the knock at the door
oh, no. it wasn’t that knock at the door. the kind that has your heart in your throat, your middle-of-the-chest muscle galloping like some sort of a horse making tracks out of the pasture.
this was the humdrum, there-you-are-trying-to-return-to-the-business-at-hand, the-business-of-living-your-life, shoving-your-worries-aside. it was that sort of a tap-tap-tap at the door.
truth was, before you heard the tappety-tap, you weren’t really doing such a fine job of pretending. pretending all in your life was just fine, peachy, swell, pick your positive adjective.
oh, no, but you were duly going through the motions. typing your sentences. looking up spellings. heck, you even remembered to call for the oven repairman.
ahh, but your friends are the smart sort. they know trouble when they smell it. they know the days when you should not be alone.
so they come a-callin’. they come, uninvited but thoroughly oh-my-gosh so very welcome.
they tap-tap at the glass. you drop what you’re doing, or pretending you’re doing. and you hop, skip and leap to the door.
there, in her golden-haired beauty, for instance, is one of your friends who you think is an angel. and you mean a real one. not a nice person masquerading as angel. but a real, certifiable, straight-from-the-cumulus-clouds sort of angel. her driver’s license probably has clues. like maybe her birthdate is all zeroes. hmm. that would certainly suggest otherworldliness.
so anyway, there she is. standing there, beaming. she has come with a trail from her garden. at first you don’t see the abundance. at first you see only one beautiful vase. a blue-and-white porcelain cup spilling with snapdragons, the last from her garden, she tells you. and as you are busy sticking your nose in the posies, she pivots and swoops to the ground.
there you see, a whole parade of posies in a charming collection of vases. there are soda bottles from which zinnias emerge, like red-and-white painted antennae. and a fat squat pitcher of zinnias in every imaginable color.
you stand there melting, you do. because this friend of yours has gone to the trouble of clearing her garden, scrounging up portable watering holes, and steered miles and miles out of her way. just because she smelled trouble. and she would not leave you to suffer alone.
now, depending on the day, suffering for all of us can come in 101 forms. it might be a child we’re losing sleep over. it might be a friend down the block who’s acting bizarrely. it might be some faraway drama that’s churning our tummy. it might just be that we’ve a touch of the flu.
and then, if we’re blessed–mightily, wholly, supremely blessed–we’ve a whole army of warriors who do not leave us alone, writhing out on the battlefield.
they come, like the cavalry, to our rescue. they are there at the door with their pluckings, their stews in a pot. they are on the telephone, checking in, offering wisdom. they send prayers, strong ones. the ones that leave smoke in their trail.
but the point is, no matter the solace, they’ve not left us to wither. they offer their hearts, considerable acreage there, let me tell you. they offer their intellectual muscle.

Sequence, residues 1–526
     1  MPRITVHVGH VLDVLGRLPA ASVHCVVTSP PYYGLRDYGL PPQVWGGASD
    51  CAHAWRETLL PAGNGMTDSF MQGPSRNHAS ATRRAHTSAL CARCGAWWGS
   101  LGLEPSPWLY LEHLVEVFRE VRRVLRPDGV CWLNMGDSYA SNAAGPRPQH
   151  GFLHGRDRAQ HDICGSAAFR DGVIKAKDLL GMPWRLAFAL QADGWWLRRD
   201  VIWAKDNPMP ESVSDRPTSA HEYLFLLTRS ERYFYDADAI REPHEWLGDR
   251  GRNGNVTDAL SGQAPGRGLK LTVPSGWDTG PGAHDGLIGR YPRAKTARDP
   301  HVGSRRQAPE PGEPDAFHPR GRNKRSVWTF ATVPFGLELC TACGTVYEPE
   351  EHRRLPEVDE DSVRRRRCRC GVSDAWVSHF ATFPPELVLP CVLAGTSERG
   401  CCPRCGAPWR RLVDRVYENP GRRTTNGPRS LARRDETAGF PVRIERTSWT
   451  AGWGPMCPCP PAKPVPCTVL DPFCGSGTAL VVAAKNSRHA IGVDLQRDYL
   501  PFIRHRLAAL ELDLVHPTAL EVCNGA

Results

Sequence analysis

i’m just saying that on the days when you’ve reached the end of your rope. on the days when you think you are through. finished. kaput. that’s when God sends in the troops.
that’s when in the form of a red-and-white zinnia, now poking its nose in the air beside this here computer, someone divine comes in to prop up your parts that are drooping.
that’s when, in the soup that you spoon in your tummy, you are stocked not just with vitamins but the stuff of a friendship that some days feels like the difference between living and dying.
it’s not easy, not in these action-packed days, for anyone to shove aside errands, redirect routes from point A to point F. but even–especially–in a world where so very much is so very virtual, there are some sounds that still speak to our heart in ways we’ll never forget.
the sound of a rap at the door is one of the loudest there’ll ever be.
it’s the sound, so help me God, of the Divine One making a housecall.
may you all be so blessed, and i know that you are, to have a friend ride to your rescue. the mission needn’t be fancy. sometimes all it takes is a hug and the tears and the laughter that come, there on the stoop, or pulled up to the kitchen counter. this world here at pull up a chair, we are all about circling the wagons. taking the time. extending the hand. reminding each and every sometimes-aching, broken one of us: we can’t do this alone. we’re in it together. there are humps and bumps in the road. and God gave us two legs, so when one is limping, we could lean on the other. same thing with our hearts. only with hearts, we need to borrow from friends….
tell a story, if you care to, of a knock that came to your door when you needed it most, or only a little…
and even though she’s not here anymore, happy birthday to great grandma syl, the best adopted grandma a girl ever had. she once brought me a brisket in a suitcase from florida, just so she could teach me how to really feed her no. 1 grandson, the boy who’d become my no. 1 mate.